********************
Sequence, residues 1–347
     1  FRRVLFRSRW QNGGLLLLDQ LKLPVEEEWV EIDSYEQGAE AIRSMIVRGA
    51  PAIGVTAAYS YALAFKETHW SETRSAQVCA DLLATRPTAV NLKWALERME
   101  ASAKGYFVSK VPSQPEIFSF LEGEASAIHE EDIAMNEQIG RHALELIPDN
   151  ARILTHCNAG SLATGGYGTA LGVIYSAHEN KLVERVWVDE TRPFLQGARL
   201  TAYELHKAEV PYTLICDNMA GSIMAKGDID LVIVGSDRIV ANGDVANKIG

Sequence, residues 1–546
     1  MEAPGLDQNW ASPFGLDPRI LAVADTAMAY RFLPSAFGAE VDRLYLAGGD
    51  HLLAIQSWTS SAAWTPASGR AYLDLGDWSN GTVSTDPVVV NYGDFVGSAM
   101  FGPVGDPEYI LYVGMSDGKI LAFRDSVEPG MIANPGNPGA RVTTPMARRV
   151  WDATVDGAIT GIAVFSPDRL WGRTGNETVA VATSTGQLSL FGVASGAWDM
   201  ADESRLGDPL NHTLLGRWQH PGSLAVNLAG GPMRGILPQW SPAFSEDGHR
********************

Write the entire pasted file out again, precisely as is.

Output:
Sequence, residues 1–347
     1  FRRVLFRSRW QNGGLLLLDQ LKLPVEEEWV EIDSYEQGAE AIRSMIVRGA
    51  PAIGVTAAYS YALAFKETHW SETRSAQVCA DLLATRPTAV NLKWALERME
   101  ASAKGYFVSK VPSQPEIFSF LEGEASAIHE EDIAMNEQIG RHALELIPDN
   151  ARILTHCNAG SLATGGYGTA LGVIYSAHEN KLVERVWVDE TRPFLQGARL
   201  TAYELHKAEV PYTLICDNMA GSIMAKGDID LVIVGSDRIV ANGDVANKIG

Sequence, residues 1–546
     1  MEAPGLDQNW ASPFGLDPRI LAVADTAMAY RFLPSAFGAE VDRLYLAGGD
    51  HLLAIQSWTS SAAWTPASGR AYLDLGDWSN GTVSTDPVVV NYGDFVGSAM
   101  FGPVGDPEYI LYVGMSDGKI LAFRDSVEPG MIANPGNPGA RVTTPMARRV
   151  WDATVDGAIT GIAVFSPDRL WGRTGNETVA VATSTGQLSL FGVASGAWDM
   201  ADESRLGDPL NHTLLGRWQH PGSLAVNLAG GPMRGILPQW SPAFSEDGHR